Not to be confused with another movie with the same title, this is a documentary about the Battle of Stalingrad which was fought between the German and Soviet armies during the fall and winter of 1942-43. Before making a few comments, a little background about the battle may be helpful.
Though Hitler is often made the scapegoat for the German defeats from late 1942 onwards, he does deserve a good deal of blame for the Stalingrad disaster. It was his decision to split Army Group South in two (Army Group A and Army Group B). The original plan was to envelop Stalingrad from the north and south, but Hitler decided to capture the Caucuses first in order to take control of the oil fields there. Group B made a rapid advance early on, but eventually slowed to a crawl due primarily to fuel shortages. Soviet resistance eventually stiffened and the German army was unable to clear the region. With Group B bogged down, Army Group A was left to capture Stalingrad without aid. As it turned out, Hitler wanted to do too much with too little.
Another tactical mistake was Hitler’s decision to take Stalingrad by a coup de main. But the Red Army was too well entrenched within the city for the over-extended German army to accomplish this. This having failed, the German 6th Army, the main force of Army Group A, become enmeshed in brutal street fighting for the next six months. The Russian soldiers were well adapted for this style of combat, but the Germans were best at mobile operations in open terrain. The result was that the German forces were bled white. (Although the kill ratio was still about 3:1 in Germany’s favor.)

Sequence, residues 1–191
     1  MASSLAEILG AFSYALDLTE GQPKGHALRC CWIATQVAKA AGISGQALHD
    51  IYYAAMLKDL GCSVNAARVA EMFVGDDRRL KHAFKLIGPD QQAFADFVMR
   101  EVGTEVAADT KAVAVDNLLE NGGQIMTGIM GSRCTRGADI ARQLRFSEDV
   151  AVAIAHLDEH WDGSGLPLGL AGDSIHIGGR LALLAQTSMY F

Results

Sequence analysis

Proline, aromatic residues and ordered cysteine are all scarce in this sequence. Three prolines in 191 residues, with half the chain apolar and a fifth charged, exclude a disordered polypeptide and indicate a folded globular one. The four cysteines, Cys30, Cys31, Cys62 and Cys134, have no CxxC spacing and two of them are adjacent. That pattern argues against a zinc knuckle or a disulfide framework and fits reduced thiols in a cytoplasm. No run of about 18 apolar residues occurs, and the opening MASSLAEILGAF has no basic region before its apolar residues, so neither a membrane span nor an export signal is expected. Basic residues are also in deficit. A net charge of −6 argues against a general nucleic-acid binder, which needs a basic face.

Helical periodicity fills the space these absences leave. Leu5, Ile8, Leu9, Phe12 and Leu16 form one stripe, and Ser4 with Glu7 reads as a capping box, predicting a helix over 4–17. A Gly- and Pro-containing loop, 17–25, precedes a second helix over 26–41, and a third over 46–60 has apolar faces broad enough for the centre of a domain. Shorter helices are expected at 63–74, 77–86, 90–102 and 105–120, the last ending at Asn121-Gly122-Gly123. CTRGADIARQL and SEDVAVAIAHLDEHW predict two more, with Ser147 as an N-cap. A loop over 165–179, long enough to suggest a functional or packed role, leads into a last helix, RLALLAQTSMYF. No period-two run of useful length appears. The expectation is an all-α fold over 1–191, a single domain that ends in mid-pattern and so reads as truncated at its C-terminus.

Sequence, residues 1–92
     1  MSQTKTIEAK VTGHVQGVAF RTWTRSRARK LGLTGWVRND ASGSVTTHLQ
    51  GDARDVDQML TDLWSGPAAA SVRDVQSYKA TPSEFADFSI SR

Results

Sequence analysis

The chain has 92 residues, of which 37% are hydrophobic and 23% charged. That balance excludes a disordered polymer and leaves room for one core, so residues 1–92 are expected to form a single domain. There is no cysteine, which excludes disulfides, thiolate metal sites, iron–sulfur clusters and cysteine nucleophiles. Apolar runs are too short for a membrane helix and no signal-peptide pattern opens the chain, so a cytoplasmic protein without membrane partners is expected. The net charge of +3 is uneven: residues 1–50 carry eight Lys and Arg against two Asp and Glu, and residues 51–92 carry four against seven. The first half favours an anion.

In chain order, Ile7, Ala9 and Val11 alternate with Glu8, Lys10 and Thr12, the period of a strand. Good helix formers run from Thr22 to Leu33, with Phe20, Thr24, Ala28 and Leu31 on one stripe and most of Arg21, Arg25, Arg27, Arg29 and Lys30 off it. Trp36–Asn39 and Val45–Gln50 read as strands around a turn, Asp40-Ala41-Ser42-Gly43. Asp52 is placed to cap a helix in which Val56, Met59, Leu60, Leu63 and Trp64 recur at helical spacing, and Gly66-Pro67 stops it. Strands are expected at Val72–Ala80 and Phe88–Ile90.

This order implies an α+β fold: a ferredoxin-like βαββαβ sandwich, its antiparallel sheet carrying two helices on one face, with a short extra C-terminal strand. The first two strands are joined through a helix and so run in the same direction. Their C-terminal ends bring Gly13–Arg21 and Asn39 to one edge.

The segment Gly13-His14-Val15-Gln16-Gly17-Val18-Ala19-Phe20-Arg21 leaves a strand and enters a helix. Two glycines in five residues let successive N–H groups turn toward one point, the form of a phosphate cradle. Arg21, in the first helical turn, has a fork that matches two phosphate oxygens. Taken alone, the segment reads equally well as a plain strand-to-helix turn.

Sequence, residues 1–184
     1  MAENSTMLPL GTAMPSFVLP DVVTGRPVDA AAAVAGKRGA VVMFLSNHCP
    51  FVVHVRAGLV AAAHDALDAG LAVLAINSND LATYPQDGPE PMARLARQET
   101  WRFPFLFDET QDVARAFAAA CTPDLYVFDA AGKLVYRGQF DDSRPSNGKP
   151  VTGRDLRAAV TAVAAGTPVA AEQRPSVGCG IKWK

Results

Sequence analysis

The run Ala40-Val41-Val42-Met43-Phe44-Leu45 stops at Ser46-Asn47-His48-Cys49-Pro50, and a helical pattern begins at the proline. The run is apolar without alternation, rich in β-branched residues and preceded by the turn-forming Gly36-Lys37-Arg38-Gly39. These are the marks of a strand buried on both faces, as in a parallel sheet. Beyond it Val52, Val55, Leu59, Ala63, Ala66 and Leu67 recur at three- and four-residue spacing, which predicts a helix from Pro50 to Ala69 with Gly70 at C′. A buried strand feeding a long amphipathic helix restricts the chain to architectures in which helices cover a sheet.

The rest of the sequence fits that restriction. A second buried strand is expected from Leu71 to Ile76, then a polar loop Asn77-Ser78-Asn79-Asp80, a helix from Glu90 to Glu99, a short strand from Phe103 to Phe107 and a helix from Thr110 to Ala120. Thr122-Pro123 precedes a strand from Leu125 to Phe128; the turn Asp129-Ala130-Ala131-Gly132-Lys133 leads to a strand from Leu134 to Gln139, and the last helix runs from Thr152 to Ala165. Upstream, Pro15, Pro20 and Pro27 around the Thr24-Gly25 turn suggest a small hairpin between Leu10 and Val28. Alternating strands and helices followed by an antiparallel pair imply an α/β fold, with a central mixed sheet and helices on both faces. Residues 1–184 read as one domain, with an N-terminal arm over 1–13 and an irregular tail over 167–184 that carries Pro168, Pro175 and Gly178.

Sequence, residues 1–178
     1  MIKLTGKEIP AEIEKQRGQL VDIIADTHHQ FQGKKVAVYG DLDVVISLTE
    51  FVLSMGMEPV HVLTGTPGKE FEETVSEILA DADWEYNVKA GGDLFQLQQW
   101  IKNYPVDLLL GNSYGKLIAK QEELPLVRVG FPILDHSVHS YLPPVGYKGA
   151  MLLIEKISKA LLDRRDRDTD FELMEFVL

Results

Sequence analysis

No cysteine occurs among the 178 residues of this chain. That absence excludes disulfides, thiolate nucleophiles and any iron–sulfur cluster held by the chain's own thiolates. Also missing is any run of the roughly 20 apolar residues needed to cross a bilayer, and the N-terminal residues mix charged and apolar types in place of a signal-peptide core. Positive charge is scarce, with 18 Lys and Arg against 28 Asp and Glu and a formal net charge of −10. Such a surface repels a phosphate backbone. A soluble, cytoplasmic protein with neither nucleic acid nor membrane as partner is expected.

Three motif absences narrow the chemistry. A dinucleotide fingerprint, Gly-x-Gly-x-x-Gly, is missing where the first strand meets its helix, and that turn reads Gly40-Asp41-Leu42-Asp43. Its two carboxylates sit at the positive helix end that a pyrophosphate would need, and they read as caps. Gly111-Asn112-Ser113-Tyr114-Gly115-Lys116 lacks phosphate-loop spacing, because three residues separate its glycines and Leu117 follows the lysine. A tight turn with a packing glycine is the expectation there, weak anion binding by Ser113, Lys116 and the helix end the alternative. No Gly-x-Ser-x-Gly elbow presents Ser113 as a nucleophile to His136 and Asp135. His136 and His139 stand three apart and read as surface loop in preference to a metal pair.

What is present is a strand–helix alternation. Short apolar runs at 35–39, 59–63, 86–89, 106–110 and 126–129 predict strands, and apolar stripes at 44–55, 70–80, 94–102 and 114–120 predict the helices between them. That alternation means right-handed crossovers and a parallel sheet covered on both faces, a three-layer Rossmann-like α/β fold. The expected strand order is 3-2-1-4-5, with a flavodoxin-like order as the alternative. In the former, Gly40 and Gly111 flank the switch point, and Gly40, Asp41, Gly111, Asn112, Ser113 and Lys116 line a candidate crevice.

Hitler also erred in relying on an untried staff officer, Friedrich Paulus, to lead the attack. Paulus, a Hessian of plebeian birth, had a modest demeanor that endeared him to Hitler (Hitler, himself of low birth, never trusted the aristocratic officer corps.) After the campaign he was slated to replace Alfred Jodl as Chief of the Operations Staff of the Armed Forces High Command (Oberkommando der Wehrmacht). Though a competent staff officer, Paulus lacked both the toughness of character and the imagination necessary to make a first rate commander. He proved to be indecisive at critical moments with the result that the Germans lost the initiative. But in fairness to Paulus, even a great general such as von Manstein or Model would probably have had been hard-pressed to lead the army to victory under the conditions that came to characterize the Stalingrad battle.
Paulus was promoted to the rank of Field Marshal just a few days before 6th Army surrendered. Since no German Field Marshal had ever been taken prisoner, Hitler’s promotion meant that he expected Paulus to take his life rather than surrender. Hitler was deeply hurt when he found out that Paulus had been made a prisoner and vowed that no more officers would be given the Field Marshal’s baton until after the successful completion of the war.